Birds in the city

Flamingos over the city

A city as crowded as Mumbai has barely enough space for people. When houses are needed, swamps and mangroves are easily filled in. When parking space is in short supply, green spaces will be even harder to come by. It is natural that human institutions, when unchecked, will satisfy human needs above all. As a result, birds are pushed to the periphery of the city. These are the spaces that no one likes to go to.

If you are not going out of the city on a weekend, you might join other enthusiasts for a boat ride in the backwaters of Mumbai. The city has turned its back to these waters long ago. They are shallow tidal creeks which are not of much use to ships and trade, and the hunger for apartment blocks has not grown so acute that they need to be filled in. The refuse of the city washes in here: plastic and other garbage, chemical pollutants. The sea breeze does not disperse the smog, so the backwaters are perpetually hazy. In spite of this, life finds a toe hold. I drifted through these parts of Mumbai yesterday with The Family and friends and came back with photos which show that birds still survive just outside human spaces.

Flamingo watch

Around winter the tidal mudflats north of Mumbai’s harbour begin to turn pink with the arrival of flamingos. Every year there is a little item tucked away somewhere in a corner of a newspaper about the appearance of these migratory flocks. This year there was no news. I asked a few friendly birders, and they didn’t seem to know either. A few weeks back I’d stopped at a creek, but it was high tide. The mud was covered with water, and you don’t see any wading birds at that time.

I looked up the tide tables a few days ago, and found that over the weekend low tide was around noon. So on Saturday The Family and I made our way to Airoli bridge. This connects the northern suburb of Mulund to Airoli on the mainland. I’d only been there once before, very early in the morning several years ago. It was low tide, there was no traffic, and there were lots of flamingos visible. Now, at midday, there was a constant stream of traffic. It was very hard to stop, although the tide was out, and the mud was full of a mixed bunch of greater and lesser flamingos. Between them many other waders fed in the mud.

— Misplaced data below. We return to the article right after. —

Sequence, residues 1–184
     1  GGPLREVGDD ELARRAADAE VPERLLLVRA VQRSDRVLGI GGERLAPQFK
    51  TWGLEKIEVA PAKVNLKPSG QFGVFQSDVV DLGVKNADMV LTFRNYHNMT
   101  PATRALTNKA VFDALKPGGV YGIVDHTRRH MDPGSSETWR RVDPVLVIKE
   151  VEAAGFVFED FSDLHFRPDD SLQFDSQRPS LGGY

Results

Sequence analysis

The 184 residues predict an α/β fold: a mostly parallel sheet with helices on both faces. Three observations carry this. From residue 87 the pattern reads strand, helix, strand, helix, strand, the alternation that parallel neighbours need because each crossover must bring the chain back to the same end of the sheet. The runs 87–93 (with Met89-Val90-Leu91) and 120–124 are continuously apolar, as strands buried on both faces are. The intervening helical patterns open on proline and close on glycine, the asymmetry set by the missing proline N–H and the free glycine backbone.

We decided to take our chance at the Bhandup creek. Over the years much of this area has been fenced off, and now only a little field was accessible to the public (photo above). This gave a view on to a narrow sliver of the creek. At low tide this had shallow water with some exposed mud. Although there were no flamingos, there were a few waders visible in the distance. We took turns to step out on to a little spit of land which gave some sighting.


There was a cormorant on a tree stump, a large group of spoonbills (photo above), a lone black-headed iris, some stilts, and, far away, the dark silhouette of a reef egret. The light was terrible. Reflections off the water made everything look monochrome: it was hard to see the yellow beak of a large egret, or the green legs of a green shank. All my photos looked like they were in black and white. Above us, a pariah kite circled slow and low. When it moved off we saw some gull-billed terns fly in to land in the water. Far overhead an open-billed stork flew in a lazy straight line off towards the west.

The Precious had brought along her two-year old, who was busy picking up sticks and stones to fill his pockets with. It took some time to bundle him back into the car, climb in and move off. Some newbies were just coming in. They stopped to ask where the Bhandup birding area was, and looked disappointed when we said that this was it. We were just about to pull away when I saw above us this magnificent sight: an immature Shikra sitting on a dry tree (photo here). Although the trip ended well enough, I was left wondering how it is that in a city built on the sea, most of us have such restricted access to the sea front. I can think of only three spots now where one has access to the mudflats.

Our final bird list was not larger than my laughable list from December.

  1. Lesser flamingo
  2. Greater flamingo
  3. Western reef egret
  4. Great egret
  5. Asian open-billed stork
  6. Black-winged stilt
  7. Eurasian spoonbill
  8. Black-headed iris
  9. Common green shank
  10. Cotton pygmy-goose
  11. Gull-billed tern
  12. Shikra (juvenile)

Writing a bird list is meaningless if you can see more in an afternoon sitting on a balcony. A few years ago we could not even have written down lists without twice as many water birds. Are the mangroves and mudflats hidden behind the fenced off sea-coast slowly dying?